Lincoln Chafee offered voters something new when he took office this year as the nation's only sitting independent governor. But the former Republican is learning that while it may resonate with voters, independence can be lonely.
Chafee, who left the GOP after he lost his U.S. Senate seat in 2006, has no party apparatus to put out favorable press releases. No built-in legislative support. Chafee says being independent makes him his own man, but it also means he has to fight harder to win support for his agenda.
Two of Chafee's priorities _ gay marriage legislation and a state sales tax expansion _ appear dead in the General Assembly. Rebuffed by lawmakers, Chafee is now taking his sales pitch to voters through a YouTube video, radio appearances and almost daily visits to chambers of commerce around the state.
The public relations blitz aims to build support for Chafee's sales tax plan. But it's also a campaign to stay relevant six months after Chafee, 58, won election with just 36 percent of the vote in a four-way race.
"This is what I do every day," Chafee said of his campaign to make his case to the public. "YouTube is just another way of communicating. We knew this was going to be a tough year, the answers are hard. But I'm going to tackle it."
About a third of American voters are registered as unaffiliated with one of the two major parties. Even in left-leaning Rhode Island, unaffiliated voters outnumber Democrats, who nonetheless continue to enjoy overwhelming majorities in the General Assembly.
His election bucked a Republican sweep of statehouses in last year's election, when voters put the GOP in charge of 25 legislatures and 29 governors' offices.
While independence may be attractive to voters turned off by party infighting, it can lead to political paralysis in state legislatures, which run on compromise, coalitions and partisan leadership. Former Minnesota Gov. Jesse Ventura was elected to great fanfare in 1998 as a Reform Party candidate, but left after a single term that saw lawmakers from the major parties unite to override many of his vetoes.
"You have no automatic friends or enemies, just skeptics," said Angus King, an independent who was Maine's governor from 1995 to 2003. "You have to deal with the public directly. You go to Rotary Clubs, chambers of commerce, the call-in shows. You get your message out."
Chafee, who has called King a model for independent governors, appears to be learning that lesson, though it may be too late for his tax proposal.
The plan he pitched to lawmakers would lower the sales tax rate but impose it on dry cleaning, car repairs, manufacturing equipment and many other goods and services now tax-free. The $165 million in new revenue would help eliminate a $331 million deficit. Chafee likens his plan to cod liver oil: It doesn't taste great, but it's good for you.
The proposal landed like a dud. Business groups protested. The House Speaker declared it wouldn't pass in its current form.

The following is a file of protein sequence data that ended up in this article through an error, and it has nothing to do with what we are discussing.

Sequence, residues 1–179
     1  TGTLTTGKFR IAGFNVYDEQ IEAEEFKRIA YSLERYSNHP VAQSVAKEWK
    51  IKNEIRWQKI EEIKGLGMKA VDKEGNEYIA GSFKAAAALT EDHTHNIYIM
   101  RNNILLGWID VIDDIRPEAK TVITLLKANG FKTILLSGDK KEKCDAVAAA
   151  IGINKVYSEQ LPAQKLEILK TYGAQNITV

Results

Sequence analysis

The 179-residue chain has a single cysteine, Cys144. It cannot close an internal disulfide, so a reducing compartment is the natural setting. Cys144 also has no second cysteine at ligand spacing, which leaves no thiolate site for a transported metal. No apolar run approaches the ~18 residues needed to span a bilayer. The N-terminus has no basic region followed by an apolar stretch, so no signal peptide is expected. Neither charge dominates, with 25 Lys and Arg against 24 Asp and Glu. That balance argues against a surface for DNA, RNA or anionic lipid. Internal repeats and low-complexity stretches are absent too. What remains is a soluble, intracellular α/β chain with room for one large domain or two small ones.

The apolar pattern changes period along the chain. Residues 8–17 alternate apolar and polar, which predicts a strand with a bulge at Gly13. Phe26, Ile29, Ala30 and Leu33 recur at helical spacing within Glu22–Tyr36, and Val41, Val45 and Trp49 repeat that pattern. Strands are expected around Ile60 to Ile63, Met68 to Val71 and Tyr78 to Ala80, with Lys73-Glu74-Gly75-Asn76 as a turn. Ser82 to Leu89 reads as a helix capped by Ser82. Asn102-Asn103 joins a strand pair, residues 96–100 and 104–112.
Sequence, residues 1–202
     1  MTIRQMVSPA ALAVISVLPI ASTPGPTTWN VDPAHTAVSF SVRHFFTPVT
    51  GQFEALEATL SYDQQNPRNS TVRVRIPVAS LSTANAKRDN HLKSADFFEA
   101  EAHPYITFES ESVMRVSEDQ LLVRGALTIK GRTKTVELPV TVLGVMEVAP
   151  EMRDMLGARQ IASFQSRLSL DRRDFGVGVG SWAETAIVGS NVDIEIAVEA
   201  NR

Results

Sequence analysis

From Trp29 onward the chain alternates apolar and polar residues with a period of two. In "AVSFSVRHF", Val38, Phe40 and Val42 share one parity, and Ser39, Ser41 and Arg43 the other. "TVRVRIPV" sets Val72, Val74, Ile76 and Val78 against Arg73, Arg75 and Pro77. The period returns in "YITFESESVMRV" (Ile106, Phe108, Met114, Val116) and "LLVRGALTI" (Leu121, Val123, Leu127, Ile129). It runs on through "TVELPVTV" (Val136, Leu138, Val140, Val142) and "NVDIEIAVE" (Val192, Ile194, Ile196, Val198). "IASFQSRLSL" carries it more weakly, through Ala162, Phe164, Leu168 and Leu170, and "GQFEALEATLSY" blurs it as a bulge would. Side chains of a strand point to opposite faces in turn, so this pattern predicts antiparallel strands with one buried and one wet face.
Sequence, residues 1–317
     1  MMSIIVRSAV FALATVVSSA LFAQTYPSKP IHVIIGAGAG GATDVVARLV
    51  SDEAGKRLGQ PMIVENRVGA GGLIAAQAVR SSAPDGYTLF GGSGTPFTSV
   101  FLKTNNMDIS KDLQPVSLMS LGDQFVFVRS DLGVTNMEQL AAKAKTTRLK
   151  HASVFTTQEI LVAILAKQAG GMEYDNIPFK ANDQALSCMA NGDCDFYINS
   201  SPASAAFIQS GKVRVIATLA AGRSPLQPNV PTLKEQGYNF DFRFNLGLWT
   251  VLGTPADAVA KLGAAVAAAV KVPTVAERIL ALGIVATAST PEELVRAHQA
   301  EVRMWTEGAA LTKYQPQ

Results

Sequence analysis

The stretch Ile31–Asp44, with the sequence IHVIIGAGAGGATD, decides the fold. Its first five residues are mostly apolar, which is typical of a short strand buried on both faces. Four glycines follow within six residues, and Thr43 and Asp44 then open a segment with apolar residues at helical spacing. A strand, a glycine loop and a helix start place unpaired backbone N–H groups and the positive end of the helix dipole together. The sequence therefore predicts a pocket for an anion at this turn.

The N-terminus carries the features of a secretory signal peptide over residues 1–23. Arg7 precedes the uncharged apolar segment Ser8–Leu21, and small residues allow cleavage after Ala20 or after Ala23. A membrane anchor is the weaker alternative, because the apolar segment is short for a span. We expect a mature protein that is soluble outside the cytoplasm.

Only then did Chafee take his message on the road.
"If you want the status quo, let's just keep doing what we're doing," Chafee told Newport business leaders. "I want to invest in education. I want to invest in roads and bridges. I want to look to the future. I know there are challenges ahead in the General Assembly but I hope they'll agree with me the status quo is unacceptable."
In a homemade-looking YouTube video, Chafee speaks to citizens directly from the Statehouse. Addressing fiscal problems now will save money later while investing in education, reducing debt and confronting rising pension costs. Chafee's soft-spoken message is almost lost amid the Statehouse echoes. As of Saturday the clip had been viewed more than 2,800 times.
Wendy Schiller, a political science professor at Brown University, said Chafee must sell his plan to the public if he has any hope of resurrecting it in the General Assembly. Amateurish YouTube videos could actually help, she said, by reminding citizens of what they saw in Chafee to begin with.
"The system is not built to reward independents; it's built to reward party loyalists," Schiller said. "That means Chafee has to directly engage the voters. He's not particularly slick, but his whole appeal is that he's genuine. He has to get out and tell Rhode Islanders why this is the right thing to do."
Voters interviewed by The Associated Press say they're hearing Chafee _ though not all of them like what he's saying.
"It doesn't sound like he's got a good idea," said Kevin Webster of Cranston. Webster didn't vote for Chafee. "Families are struggling right now. The state has to cut spending, not raise taxes even more."
But Barbara Kalil said new revenue would allow Rhode Island to avoid devastating cuts to education and other services. Kalil, a Providence homeless advocate who voted for Chafee, said he's just speaking the truth.
"He's not afraid to speak his mind even if it's not popular," she said.
Roberto Torres voted for Chafee because he offered a fresh approach. But the Providence man said he's disappointed.
"I liked that he wouldn't play politics, that he would pull people together," Torres said. "But it's not working so far."